1. Look behind the lie.
It may seem like your child tells lies for no reason. But those lies can clue you in to real struggles. If your child denies having thrown a toy at a sibling when the deed clearly took place, it may not simply be to avoid blame. Your child might be upset about a lack of emotional control.
A good first step to teaching your child coping strategies is to help with identifying feelings. You can also tell your child you’ll help figure out better ways to for expressing those feelings.
2. Speak with empathy.
Imagine it’s your child’s turn to empty the dishwasher. When you ask later if it happened, your child lies and says yes. In truth, your child started the task, but then became distracted and forgot to finish unloading. The lie was simply a way to avoid getting in trouble.
Showing you understand what led to the lie can make your child more willing to take responsibility. You might say, “I know it can be hard for you to stay focused. But I’d rather you tell the truth and then finish your chore than lie about it. It’s the lying that makes me feel mad and hurt.”
3. Set expectations that work for your child.
Kids with ADHD often lie to get out of tasks that cause anxiety. On a heavy homework day, your child might tell you there’s no homework just to avoid having to think about it.
Setting achievable goals helps remove a reason to lie. If your child has a long reading assignment, you can set a schedule of one break every two pages. Making the task more manageable can reduce stress and give your child confidence that this job is doable.
4. Give your child opportunities to tell the truth.
Even after the lie, it’s important to give your child the chance to be truthful. It’s also key to offer praise for honesty.
Let’s say your child tells you about lending a new jacket to a friend, but later admits to leaving it on the bus. Try to focus on the truth, not the lie. You could say, “Thanks for telling me what really happened. I know it’s hard for you to keep track of things, and I’m proud of you for being honest.”
5. Help your child keep consequences in mind.
When kids with ADHD lie, they often do it on impulse. They’re likely not considering the consequences. Talking your child through past scenarios will help tie the action of lying to the less-than-ideal outcome.
Let’s say your child is not allowed to play video games before a room-cleaning session. The next time it’s time to do that chore, bring up a reminder of what happened the last time. Cleaning up still had to happen but your child missed out on playing video games for a week, all because of a lie.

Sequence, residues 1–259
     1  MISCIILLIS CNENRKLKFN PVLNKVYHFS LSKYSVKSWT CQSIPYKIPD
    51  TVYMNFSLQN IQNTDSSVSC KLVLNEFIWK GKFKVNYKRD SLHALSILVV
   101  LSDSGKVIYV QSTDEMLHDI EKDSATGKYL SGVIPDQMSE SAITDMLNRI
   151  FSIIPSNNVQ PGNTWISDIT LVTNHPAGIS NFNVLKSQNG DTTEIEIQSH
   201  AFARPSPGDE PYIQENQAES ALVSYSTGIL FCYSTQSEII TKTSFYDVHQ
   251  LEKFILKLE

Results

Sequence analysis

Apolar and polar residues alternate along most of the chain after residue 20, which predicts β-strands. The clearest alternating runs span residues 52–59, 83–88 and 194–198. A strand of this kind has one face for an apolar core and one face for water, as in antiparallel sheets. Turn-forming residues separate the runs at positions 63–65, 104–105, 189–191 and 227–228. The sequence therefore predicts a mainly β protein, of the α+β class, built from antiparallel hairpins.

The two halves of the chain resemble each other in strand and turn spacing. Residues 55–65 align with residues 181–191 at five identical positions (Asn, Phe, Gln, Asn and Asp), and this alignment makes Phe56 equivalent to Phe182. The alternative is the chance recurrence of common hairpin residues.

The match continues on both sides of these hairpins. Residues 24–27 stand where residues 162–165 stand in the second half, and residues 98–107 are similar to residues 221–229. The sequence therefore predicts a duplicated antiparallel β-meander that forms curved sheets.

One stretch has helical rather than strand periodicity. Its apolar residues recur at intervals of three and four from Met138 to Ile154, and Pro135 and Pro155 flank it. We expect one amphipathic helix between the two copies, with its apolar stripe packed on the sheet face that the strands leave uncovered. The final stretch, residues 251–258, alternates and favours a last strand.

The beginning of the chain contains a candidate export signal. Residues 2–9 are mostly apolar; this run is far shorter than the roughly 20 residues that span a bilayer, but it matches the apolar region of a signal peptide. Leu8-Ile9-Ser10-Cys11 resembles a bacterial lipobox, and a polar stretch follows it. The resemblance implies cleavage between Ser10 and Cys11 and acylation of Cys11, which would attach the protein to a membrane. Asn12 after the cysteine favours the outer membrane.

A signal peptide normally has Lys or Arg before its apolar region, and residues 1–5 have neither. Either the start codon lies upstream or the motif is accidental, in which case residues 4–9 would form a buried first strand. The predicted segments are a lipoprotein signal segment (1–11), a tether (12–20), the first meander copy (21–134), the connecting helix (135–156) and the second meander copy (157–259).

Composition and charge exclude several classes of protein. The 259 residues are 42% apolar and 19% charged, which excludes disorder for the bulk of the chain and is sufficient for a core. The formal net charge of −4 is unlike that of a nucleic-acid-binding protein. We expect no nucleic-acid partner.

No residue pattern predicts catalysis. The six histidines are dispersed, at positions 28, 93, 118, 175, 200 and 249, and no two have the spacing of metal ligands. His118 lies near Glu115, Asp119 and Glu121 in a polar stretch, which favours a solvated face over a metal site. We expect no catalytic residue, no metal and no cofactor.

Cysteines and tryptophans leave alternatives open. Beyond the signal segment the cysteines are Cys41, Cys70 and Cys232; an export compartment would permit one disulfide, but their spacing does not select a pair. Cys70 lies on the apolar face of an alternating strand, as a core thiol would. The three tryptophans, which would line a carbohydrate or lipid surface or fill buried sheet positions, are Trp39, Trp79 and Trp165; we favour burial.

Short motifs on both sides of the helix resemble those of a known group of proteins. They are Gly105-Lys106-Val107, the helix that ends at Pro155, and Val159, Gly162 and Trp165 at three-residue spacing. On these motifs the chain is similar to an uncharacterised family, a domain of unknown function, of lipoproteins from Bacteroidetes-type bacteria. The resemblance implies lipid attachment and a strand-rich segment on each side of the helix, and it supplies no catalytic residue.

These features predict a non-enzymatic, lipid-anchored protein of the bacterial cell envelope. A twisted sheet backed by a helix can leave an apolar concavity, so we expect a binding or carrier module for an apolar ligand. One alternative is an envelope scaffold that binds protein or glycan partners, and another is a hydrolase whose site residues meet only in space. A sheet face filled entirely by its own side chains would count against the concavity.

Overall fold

6. Work with your child to find strategies.
Kids with ADHD often view lying as a way to avoid stress. For your child, “losing” a homework assignment might mean getting into less trouble. Your child might feel less embarrassed about losing homework than about admitting that the work was just too overwhelming.
You can turn this into an opportunity to support your child. Work together to find strategies to help navigate trouble spots. You can also work on ways your child can self-advocate and ask for help before problems arise.
7. Set a good example.
Younger kids look to parents for cues on how to behave. If you use fibs in your own life, especially to get out of doing things you’d rather not do, your child is likely to get the message that it’s OK to tell lies, too. As your child’s greatest role model, it’s important to be truthful whenever you’re together.
8. Give it time.
Remember that all kids lie sometimes, and that behavior takes time to change. Your child might not use coping strategies instead of lying right away. And even once that happens, it can be easy to fall back into old habits when stressful situations arise.
Try not to worry or get upset if that happens, and keep working with your child to build coping skills. Doing that while your child is young will lay the groundwork for using successful strategies in the future.
Tell us what interests you
About the author
About the author
Rae Jacobson, MS is a writer who focuses on ADHD and learning disabilities in women and girls.
Mark J. Griffin, PhD was the founding headmaster of Eagle Hill School, a school for children with specific learning disabilities.